December 19, 2008

Pioneers of Malian music (4)

As I have mentioned in an earlier post Alou Fané and Daouda 'Flani' Sangaré were the first to record kamalen n'goni music. The recordings were made in the studios of Radio Mali in 1968. But they were released a few years later, on an lp on the Disco Club Bagoué label in Abidjan.

The focus in this album is equally divided between Alou (sitting down playing the n'goni on the photo) and Flani (on the right looking down). Alou is the lead singer in four of the eight tracks. These are clearly 'his' tracks, with titles like "Komo" (referring to a -secretive rather than secret- initiation cult in which members of the blacksmith families have a special place) and "Noumousso" ("house of the blacksmith" - a track which he later used with the Super Djata Band). In some of these tracks Flani plays the kamalen n'goni.

This lp should make an end to a popular misconception, that the kamalen n'goni music is a 'watered-down' version of the dozon n'goni (hunters) music of the Wassoulou region. In all aspects this is a completely original music style, with links to local music styles of the Sikasso region. In future posts I intend to dig deeper into those local styles.

FT 001

5 comments:

trumpetaaa said...

wonderful music !!!!!
thank you thank you

pasi said...

What a super post!!! Again!!
Do I dare to ask from you these other 22band releases from syliphone label? Super!

WrldServ said...

@pasi: I was on the verge of posting those, but have postponed those now, after the post on Global Groove. So hold on.

NGONI said...

The album, really very appreciated, but a little confused explanations.
For years I have been looking for the difference between donzo-ngoni or donzon-koni and kamalen-ngoni, according to seems the main difference, is that donzo ngoni is used in the ceremony of hunters who are exclusive for men and kamalen-ngoni is used by the young people to compose songs to the girls, for the celebrations, weddings and other celebrations with women.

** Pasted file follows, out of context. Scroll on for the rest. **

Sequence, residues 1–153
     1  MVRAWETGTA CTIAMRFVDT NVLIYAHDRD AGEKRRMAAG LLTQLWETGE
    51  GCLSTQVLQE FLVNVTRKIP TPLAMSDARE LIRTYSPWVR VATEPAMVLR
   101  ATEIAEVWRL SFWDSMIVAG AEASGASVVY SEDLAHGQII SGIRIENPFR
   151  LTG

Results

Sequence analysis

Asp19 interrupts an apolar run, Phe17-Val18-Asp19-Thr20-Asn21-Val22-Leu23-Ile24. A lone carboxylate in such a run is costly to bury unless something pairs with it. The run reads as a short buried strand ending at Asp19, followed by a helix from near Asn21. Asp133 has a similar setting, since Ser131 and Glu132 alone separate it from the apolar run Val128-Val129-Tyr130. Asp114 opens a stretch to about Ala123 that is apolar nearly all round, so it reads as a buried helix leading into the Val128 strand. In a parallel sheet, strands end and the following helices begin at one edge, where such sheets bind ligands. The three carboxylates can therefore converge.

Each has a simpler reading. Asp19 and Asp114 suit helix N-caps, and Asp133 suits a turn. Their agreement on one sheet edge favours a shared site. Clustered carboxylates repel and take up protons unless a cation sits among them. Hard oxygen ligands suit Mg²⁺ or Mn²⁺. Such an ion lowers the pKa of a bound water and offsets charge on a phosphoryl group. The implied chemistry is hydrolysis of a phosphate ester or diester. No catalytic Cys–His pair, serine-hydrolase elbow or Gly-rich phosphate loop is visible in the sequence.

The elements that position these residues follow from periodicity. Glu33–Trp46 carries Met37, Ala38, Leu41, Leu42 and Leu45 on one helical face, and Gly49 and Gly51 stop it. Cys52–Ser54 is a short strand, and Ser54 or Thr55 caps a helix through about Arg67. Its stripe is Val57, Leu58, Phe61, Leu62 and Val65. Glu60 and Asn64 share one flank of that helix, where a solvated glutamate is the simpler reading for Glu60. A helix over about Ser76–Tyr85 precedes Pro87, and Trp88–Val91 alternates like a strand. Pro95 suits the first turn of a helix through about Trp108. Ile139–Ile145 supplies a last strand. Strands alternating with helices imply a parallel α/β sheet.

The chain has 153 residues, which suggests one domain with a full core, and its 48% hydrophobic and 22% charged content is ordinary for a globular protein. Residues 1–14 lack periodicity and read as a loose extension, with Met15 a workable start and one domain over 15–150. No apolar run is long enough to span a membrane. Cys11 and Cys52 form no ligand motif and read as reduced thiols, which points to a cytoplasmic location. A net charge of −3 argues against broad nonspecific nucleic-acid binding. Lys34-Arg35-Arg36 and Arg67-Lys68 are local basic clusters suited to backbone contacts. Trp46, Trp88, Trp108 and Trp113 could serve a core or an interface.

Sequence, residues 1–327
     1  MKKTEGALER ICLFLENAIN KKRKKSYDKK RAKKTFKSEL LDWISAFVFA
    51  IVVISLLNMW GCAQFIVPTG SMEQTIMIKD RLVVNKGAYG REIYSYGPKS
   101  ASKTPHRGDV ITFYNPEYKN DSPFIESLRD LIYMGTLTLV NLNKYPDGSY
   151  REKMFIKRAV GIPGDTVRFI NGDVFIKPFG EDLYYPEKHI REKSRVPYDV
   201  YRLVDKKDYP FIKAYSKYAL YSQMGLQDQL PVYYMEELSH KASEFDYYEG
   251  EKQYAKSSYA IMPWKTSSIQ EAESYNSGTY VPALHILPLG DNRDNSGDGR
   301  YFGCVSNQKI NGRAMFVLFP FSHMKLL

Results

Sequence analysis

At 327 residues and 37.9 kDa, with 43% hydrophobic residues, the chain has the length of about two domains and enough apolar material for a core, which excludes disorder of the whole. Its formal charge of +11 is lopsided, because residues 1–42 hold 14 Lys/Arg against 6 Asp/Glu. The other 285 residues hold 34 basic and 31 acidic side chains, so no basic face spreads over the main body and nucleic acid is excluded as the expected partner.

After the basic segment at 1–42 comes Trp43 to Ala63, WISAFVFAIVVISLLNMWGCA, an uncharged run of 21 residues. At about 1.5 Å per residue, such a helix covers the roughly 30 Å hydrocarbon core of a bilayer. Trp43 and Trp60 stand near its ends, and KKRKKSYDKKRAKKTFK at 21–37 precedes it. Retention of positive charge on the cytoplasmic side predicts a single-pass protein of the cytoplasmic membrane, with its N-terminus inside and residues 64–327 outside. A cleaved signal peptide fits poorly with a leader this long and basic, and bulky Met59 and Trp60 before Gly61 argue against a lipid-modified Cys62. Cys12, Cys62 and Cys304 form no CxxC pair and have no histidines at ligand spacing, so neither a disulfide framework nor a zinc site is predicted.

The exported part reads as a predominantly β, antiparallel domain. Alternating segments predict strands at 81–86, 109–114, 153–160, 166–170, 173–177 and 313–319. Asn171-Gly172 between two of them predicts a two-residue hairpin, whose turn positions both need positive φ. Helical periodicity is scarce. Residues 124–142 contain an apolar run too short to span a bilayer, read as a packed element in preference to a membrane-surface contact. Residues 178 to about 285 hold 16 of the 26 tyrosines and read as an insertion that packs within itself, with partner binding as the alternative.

As far as the form of the instrument it seems that kamalen usually it is smaller and ample the 6 cords of donzo to 8 either or more.

But the kind of instrument is not the most important, in fact talking about Coumba Sidibe is seen accompanied by a Kamale Ngoni even when it did her husband, being the head of the brotherhood of hunters.
(P.D.
I have never seen written Dozon or kamelah)

WrldServ said...

@Ngoni: I am not sure I understand you.
Kamalen n'goni music is meant for entertainment and is mainly for youngsters (as the word 'kamalen' indicates), and the hunters music has a more ceremonial function.

All I was trying to say, is that the kamalen n'goni music style is in its original form not -as some state- a 'junior' or 'watered-down' version of the dozon n'goni music style. If you listen to this record, you will have no problems in hearing this, don't you agree?

The size/form of the instrument itself is -according to even the late Toumani Koné- irrelevant.

Of course there have been artists who have used dozon n'goni tunes in kamalen n'goni music (there are numerous examples of this). But kamalen n'goni music has absorbed a lot more styles.

As to the spelling of "dozo", I am transcribing the pronunciation of both Alou and Flani and others like Toumani Koné. None of these pronounced an "n" ("donso").